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Google’s Font Makeover & Some SEO Nostalgia

Google launched a new logo today and it’s a font change. Only appropriate that they have a makeover since announcing a corporate structure change to the new Alphabet, Inc. – holding company. There’s a video on the home page of Google and a post on Google Blog reviewing the change.

I first stumbled across Google in early 1998 and instantly loved the results I got there as compared to more than a dozen other search engines available at the time. It absolutely sounds bizarre to think of more than 3 or at most 4 search engines. There are specialty search sites, and a few industry specific options now – but can you imagine needing to decide what search engine to use today? I was just making the decision to change careers after learning that my love of search gave me enough knowledge to start consulting in SEO to help small businesses get search visibility.

Here’s a graphic showing those competitors from 1999


I had written a post for my email newsletter in March of ’99 about newly discovered technique to show up well in search by creating landing pages tweaked for specific search engines and included a graphic above showing all the current players at the time.

Google was there in the middle with their second iteration on their logo after launching in late 1998. Here’s Google’s official timeline page. It’s fascinating to read through that listing of events (although a bit frustrating to click on broken links throughout – assign someone to update that Google!). Reviewing that timeline is like retracing the steps of my career through Google events.

In 1998 Google launched the “Google Friends Newsletter” and I instantly subscribed. As I look back through old computer backups, I find some as old as 2006 and it reminds me how much more important email was than blogging in the early 2000’s. That newsletter survived until at least July of 2011 and those still exist at Google Groups here. I read those emails religiously for years to get an ongoing peek inside the Googleplex and follow product developments.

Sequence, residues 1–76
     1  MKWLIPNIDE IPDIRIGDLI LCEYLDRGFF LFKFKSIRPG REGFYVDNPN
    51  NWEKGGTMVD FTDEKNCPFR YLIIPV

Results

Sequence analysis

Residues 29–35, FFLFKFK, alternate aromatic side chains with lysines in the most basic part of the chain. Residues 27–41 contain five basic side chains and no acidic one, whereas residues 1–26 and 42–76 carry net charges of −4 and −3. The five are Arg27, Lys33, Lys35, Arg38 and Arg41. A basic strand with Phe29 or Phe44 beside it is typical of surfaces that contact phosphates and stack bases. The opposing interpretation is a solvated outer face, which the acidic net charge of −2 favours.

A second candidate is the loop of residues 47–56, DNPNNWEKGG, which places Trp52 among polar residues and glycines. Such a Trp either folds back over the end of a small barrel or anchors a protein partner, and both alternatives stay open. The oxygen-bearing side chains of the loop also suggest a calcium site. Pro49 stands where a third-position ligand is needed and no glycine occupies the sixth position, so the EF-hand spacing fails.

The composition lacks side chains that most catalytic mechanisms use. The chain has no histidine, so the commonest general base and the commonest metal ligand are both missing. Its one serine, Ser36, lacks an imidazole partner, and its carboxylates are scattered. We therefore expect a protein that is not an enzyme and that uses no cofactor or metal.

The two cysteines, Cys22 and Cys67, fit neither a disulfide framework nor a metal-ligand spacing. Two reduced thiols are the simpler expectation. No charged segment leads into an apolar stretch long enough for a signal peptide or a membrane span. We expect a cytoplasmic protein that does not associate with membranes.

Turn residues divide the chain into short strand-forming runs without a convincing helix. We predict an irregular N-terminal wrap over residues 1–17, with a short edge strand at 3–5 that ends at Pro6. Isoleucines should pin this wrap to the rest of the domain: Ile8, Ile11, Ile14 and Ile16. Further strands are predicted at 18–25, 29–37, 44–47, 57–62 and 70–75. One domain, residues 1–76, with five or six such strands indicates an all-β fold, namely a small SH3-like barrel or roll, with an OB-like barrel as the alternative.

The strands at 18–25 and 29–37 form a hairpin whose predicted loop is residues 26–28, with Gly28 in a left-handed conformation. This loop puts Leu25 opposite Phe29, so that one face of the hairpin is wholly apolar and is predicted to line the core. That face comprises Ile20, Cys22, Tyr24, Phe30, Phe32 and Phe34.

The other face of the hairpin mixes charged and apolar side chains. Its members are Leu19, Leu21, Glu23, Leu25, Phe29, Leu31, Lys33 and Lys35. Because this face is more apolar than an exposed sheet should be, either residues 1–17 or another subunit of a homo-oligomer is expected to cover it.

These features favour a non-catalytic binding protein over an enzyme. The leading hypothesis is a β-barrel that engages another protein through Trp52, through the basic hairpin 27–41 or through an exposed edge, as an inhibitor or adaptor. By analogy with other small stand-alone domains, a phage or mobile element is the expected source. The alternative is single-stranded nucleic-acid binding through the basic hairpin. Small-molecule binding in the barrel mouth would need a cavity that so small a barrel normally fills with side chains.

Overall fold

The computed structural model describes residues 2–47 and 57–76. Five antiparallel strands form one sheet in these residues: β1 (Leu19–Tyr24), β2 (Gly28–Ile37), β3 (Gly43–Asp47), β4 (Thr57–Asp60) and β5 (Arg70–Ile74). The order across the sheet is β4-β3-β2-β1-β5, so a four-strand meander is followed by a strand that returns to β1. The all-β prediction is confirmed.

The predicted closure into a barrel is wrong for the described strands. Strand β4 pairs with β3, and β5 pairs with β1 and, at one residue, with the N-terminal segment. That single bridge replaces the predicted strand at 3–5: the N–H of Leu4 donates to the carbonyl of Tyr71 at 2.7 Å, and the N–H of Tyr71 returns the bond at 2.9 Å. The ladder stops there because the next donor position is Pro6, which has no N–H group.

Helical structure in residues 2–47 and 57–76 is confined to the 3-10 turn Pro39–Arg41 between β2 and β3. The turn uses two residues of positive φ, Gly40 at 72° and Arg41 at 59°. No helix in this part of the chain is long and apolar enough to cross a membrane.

The timeline mentions the first Google Doodle – which incorporated Burning Man in 1998 and that reminds me that we didn’t used to get as many Google Doodles as we do now – they have a few more lately. I count over 20 in August (in the U.S.) and they say on their Doodles “About” page that they’ve done over 2000 of them since then.

In 2002 they grabbed my attention with the launch of Google News – I’m a news junkie and this very quickly became my browser’s Home Page”. Today I’ve activated nearly a dozen Google News alerts which keep me on top of multiple personal and business interests from bitcoin to Instagram to coffee.

In March of 2003, Google launched Adsense and I suddenly saw a way to make some income on one of my websites. The first month was several hundred dollars for me and that soon escalated to as much as $2,000 a month at it’s best. That was before Panda in better days…

In April of 2004 Google launched Gmail and I got sucked in just a bit further to the Google suite of products. I was using blogger self-hosted blog, Google custom search, Picasa, Spreadsheets, and a half-dozen other services. I posted an article on my blog about my love of Google products and how tough it would be to divorce myself from that suite of services.

In 2005 – that’s 10 years ago – Google introduced Analytics, based on a company called Urchin that Google acquired in 2005. I had been using Urchin and was thoroughly hooked on the great data about keywords and visitor data. Google made it easier to use and it was free – again, I’m pulled deeper into the vortex of Google products. At this point the consulting work was going well and I was just about to take a vacation to Italy and that gives me an opportunity to play around with newly launched Google maps to see where I’ll be going in Rome, Tuscany, Florence and Venice.

2006 brought the launch of Google Trends, which let everyone peek behind the curtain, deeper into Google data over time to show how interest from searchers varies. This was a brilliant move toward transparency and open data, which was just beginning to expand along with my interest in open standards.

Now I’m fully in love with the company and that’s when I get a call from a Google recruiter about working for them. After three conversations with Google, I decide to accept another corporate position. I always wonder how different things might be if I’d taken that extra step and gotten the Google offer, especially after in 2007 they win #1 in “Best Places to Work”.

To be continued…

Market Dominance of Google as of April of 2018:

Courtesy of: Visual Capitalist